Paella Engage Player is a Opencast-compatible player developed at the UPV. It is an HTML5 based multi-stream player that allows multiple audio and video streams to be played simultaneously. Specifically designed for lecture recordings like those found on poliMedia or Opencast, it supports a number of user plug-ins.
For the project, a transLectures plug-in for Paella has been developed that makes it possible to view and edit the subtitles generated for each lecture within the player:
By doing so, transLectures has effectively paved the way for what will be the successful integration of transLectures tools with Opencast, allowing this platform to offer accurate transcriptions and translations for all videos added by its users – and for those users to contribute back to the quality of automated transcriptions and translations.
Opencast as OSS
Open source is an important ingredient in ensuring that educational repositories adopt the transcription and translation technology being developed at transLectures – it reduces the cost barrier to entering this domain for many institutions. In addition, open source initiatives, like the Opencast project, foster collaborative efforts to further improve and refine software tools, and make them useful for anyone. This is relevant in particular in research-driven projects like transLectures, where further developments are to be expected.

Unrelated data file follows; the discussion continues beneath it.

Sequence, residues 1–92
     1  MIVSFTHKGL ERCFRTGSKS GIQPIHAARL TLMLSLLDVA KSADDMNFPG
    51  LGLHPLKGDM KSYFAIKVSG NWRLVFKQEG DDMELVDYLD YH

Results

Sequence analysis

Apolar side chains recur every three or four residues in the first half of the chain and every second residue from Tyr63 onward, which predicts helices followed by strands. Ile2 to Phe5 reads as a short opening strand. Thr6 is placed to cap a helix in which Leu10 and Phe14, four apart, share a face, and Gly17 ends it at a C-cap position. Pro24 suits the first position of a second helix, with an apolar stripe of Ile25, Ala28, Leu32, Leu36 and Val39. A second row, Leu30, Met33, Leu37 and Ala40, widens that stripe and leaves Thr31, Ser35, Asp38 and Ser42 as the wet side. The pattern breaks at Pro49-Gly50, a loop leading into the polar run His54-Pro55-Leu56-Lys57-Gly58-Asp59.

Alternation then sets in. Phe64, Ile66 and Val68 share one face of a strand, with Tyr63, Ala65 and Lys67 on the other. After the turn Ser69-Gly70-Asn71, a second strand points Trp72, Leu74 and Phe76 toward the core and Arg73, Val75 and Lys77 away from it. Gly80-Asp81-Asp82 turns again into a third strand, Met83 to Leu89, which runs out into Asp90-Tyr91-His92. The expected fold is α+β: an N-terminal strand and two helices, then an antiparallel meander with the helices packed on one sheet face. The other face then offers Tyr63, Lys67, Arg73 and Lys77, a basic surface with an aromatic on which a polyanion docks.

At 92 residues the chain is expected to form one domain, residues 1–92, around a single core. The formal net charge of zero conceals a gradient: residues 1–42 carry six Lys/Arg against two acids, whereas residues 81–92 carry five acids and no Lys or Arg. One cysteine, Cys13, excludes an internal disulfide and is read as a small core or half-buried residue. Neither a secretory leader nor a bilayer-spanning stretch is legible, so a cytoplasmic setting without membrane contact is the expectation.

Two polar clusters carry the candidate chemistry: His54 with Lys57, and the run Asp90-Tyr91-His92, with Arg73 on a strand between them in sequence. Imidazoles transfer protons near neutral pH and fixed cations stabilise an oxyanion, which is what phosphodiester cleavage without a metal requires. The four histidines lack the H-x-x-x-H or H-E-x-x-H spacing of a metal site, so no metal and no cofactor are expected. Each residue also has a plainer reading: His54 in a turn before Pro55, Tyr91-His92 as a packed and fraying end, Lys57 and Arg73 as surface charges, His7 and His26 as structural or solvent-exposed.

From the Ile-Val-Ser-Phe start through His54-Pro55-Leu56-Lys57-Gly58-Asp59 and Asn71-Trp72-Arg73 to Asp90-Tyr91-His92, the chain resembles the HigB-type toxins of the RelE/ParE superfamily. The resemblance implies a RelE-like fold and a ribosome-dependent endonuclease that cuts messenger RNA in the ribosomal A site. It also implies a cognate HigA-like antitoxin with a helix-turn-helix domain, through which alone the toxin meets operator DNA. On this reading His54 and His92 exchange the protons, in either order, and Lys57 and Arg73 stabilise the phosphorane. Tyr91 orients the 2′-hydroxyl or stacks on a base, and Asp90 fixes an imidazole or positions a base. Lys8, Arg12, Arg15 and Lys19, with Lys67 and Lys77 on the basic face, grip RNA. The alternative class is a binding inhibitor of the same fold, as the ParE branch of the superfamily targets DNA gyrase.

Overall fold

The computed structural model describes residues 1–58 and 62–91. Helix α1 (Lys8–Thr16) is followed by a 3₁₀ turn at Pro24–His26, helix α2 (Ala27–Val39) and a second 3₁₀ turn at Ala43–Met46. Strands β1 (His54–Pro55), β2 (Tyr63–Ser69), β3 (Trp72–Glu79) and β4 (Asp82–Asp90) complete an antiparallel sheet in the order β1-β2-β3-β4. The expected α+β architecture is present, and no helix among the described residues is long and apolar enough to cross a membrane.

“At transLectures, we strongly believe that Opencast will play a key role in rapidly spreading our innovative solutions over many educational repositories in Europe and worldwide, allowing their users to overcome language barriers and reach wider audiences.“, Jorge Civera Saiz, project manager
Contributions to the Opencast project
transLectures partner UPV will release a set of open source speech recognition tools (transLectures tools) that are fully compatible with Opencast. A module for selectively post-editing transcriptions and translations via a process of intelligent user interaction has been developed and fully integrated in the UPV’s Paella Engage Player for Opencast on May 2nd 2013 (cf. http://www.translectures.eu/tlk/).